GOOD! Serves them right. I hope the bastards all die of exposure or starvation, whichever comes first. I have no sympathy for these fishermen. They earn their living by profitting in the fur trade. They sit around drinking 10 months of the year and then have a surfeit of work during the spring, shootin' and clubbin', which is subsidized by their government. I suppose Ottawa thinks: anything to shut these Newfie hillbillies up and make them happy.
Now don't get me wrong. I can see the sense in controlling the seal population. Perhaps it's even for the seals' own good as their staple food has run low. But Canada cannot deny that they (along with scores of other countries, to be fair) have overfished their waters, and they have found a convenient scapegoat. So, subsidize the rednecks in Newfoundland to engage in an orgy of killing and problem solved! Can't they devise a much more humane way of dealing with the seals than letting boozed-up hicks take inaccurate shots at them and club them and strip them while still alive?
I have written of my disgust for this practice three times now (See here, here and here), and it's high time it ended. Maybe this is the price Canada must pay before it realizes that its precious seal culls are not only outrageously inhumane but dangerous?
As I said, I really have not a care in the world for those hick fishermen. But even if it's for all the wrong reasons, maybe this is what will force the Canadian government to drop its indefensible annual seal cull. If so, the fishermen's deaths will not be for nothing.

Tuesday, April 17, 2007

The First "Lady?" I think not ...

Not that I had previously entertained the idea anyway, but I cannot endorse Rudy Giulani for the Republican nomination for President after recently reading some distressing news regarding his wife. Judi Giulani performed experiments on dogs that can only be regarded, by any open-minded, thinking person, as egregious torture. Technically, what she did couldn't even be considered medical research—it was simply done to test surgical equipment for a medical supply company. Judi herself has refused to comment on whether or not she sliced dogs up in the name of boosting her firm's product. And even though I am surely not a Daily Kos reader, I do agree with the author of the linked piece that Rudy himself cannot have much of a conscience to love a woman like that. Frankly, I'd rather have The Wicked Witch of the West, a.k.a. Hillary Clinton, as President than this sadistic bitch as First Lady.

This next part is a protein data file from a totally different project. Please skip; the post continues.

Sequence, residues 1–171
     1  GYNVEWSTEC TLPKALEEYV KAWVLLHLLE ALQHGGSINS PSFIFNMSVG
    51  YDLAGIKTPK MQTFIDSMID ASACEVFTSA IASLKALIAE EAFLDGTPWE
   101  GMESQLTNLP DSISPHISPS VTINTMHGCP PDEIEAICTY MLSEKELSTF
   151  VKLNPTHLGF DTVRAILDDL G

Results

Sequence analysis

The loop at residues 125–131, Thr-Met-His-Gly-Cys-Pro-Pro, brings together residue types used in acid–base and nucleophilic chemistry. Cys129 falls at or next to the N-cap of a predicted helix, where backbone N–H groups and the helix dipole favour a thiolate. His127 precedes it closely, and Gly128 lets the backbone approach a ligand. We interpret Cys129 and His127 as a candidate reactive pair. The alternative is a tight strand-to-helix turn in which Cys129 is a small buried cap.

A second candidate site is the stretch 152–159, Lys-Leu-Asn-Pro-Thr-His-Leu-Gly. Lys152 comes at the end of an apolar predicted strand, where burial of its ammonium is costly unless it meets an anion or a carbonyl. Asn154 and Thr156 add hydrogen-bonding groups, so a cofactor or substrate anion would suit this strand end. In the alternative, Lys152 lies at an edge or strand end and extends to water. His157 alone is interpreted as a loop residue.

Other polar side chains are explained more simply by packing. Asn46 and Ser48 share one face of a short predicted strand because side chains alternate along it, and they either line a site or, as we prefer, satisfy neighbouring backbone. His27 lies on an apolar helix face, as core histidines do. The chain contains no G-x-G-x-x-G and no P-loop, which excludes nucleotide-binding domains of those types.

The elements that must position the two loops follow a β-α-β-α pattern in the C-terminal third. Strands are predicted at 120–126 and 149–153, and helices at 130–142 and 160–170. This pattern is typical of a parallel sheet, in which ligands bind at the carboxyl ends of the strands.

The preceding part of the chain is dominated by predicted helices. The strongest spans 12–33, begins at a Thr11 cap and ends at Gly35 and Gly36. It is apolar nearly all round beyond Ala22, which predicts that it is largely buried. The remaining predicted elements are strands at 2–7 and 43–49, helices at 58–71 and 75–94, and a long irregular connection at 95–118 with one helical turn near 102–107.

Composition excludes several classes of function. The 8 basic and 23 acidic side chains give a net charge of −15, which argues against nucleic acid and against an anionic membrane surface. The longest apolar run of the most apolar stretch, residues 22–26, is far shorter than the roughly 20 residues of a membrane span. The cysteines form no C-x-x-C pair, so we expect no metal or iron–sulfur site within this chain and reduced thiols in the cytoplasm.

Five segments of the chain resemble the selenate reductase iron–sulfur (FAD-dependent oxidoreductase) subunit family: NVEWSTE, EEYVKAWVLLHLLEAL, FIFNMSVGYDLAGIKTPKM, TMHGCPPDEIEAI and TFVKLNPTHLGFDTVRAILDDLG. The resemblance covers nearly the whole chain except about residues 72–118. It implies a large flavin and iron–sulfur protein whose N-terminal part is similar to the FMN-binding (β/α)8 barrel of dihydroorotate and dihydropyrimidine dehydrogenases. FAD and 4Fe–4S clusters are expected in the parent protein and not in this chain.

It was bad enough having cat-killer Bill Frist as Senate Majority Leader. I did my best to ignore that. But I tell you, if I hear any more news about Republicans and animal torture, I'm becoming an Independent or a Libertarian, because this is getting to be outrageous.
As long as we're on the cheery subject of animal experimentation, it's always nice to know where our tax money goes. This might give you an idea. Cambridge University spent £1.6 million of we British taxpayers' cash on performing illegal drug studies, doping animals up on substances like crystal meth and cocaine and then running psychological experiments on them. Golly gee, that really sounds like vital fucking reserach, doesn't it, folks? For instance, the "researchers" found that getting rats high on cannabis produced "the munchies." You know, I really am glad that some of the money I earned contributed to such experiments as I had NO CLUE that MARIJUANA causes HUNGER!
But, as long as money talks and animal torturers under the guise of "scientists" hop into bed with the government, this kind of idiocy will sadly carry on.

Monday, April 16, 2007

Why don't we just use the word "warm" to describe the weekend?

In case you missed it, it was warm here this past weekend. Very warm, in fact. But I would refrain from saying it was "hot," or "steaming," or "baking." Yet, that's exactly how most of the papers described it, complete with pictures of people cramming the beaches and eating ice cream as if it was facing a ban.
To which I say: COME ON! Honestly ...!
The highest U.K. temperature so far this year was set yesterday in Surrey, southern England—79.7°F (26.5°C, for those of you who prefer metric)—but that didn't stop The Daily Express and other papers from rounding up and splashing "80°!" across their front pages in 200-point bold face. Forgetting, of course, that most places in the U.K. had highs that were closer to 75 than 80. Yes, the sun was strong and yes, it was absolutely gorgeous outside. But it wasn't as if the mercury had topped 90 or anything! Why do the British always completely lose all sense of persepective on the first really warm day of the year?